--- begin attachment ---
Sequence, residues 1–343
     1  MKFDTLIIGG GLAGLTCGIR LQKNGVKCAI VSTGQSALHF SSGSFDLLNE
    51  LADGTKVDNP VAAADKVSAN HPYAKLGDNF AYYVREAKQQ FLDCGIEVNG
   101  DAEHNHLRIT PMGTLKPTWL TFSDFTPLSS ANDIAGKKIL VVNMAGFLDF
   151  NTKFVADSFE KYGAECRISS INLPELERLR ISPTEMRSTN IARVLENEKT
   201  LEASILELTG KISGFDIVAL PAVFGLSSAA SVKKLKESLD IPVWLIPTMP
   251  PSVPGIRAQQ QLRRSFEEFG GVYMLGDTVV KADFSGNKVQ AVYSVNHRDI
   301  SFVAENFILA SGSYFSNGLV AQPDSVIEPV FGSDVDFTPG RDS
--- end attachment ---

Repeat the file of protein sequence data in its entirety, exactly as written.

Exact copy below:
Sequence, residues 1–343
     1  MKFDTLIIGG GLAGLTCGIR LQKNGVKCAI VSTGQSALHF SSGSFDLLNE
    51  LADGTKVDNP VAAADKVSAN HPYAKLGDNF AYYVREAKQQ FLDCGIEVNG
   101  DAEHNHLRIT PMGTLKPTWL TFSDFTPLSS ANDIAGKKIL VVNMAGFLDF
   151  NTKFVADSFE KYGAECRISS INLPELERLR ISPTEMRSTN IARVLENEKT
   201  LEASILELTG KISGFDIVAL PAVFGLSSAA SVKKLKESLD IPVWLIPTMP
   251  PSVPGIRAQQ QLRRSFEEFG GVYMLGDTVV KADFSGNKVQ AVYSVNHRDI
   301  SFVAENFILA SGSYFSNGLV AQPDSVIEPV FGSDVDFTPG RDS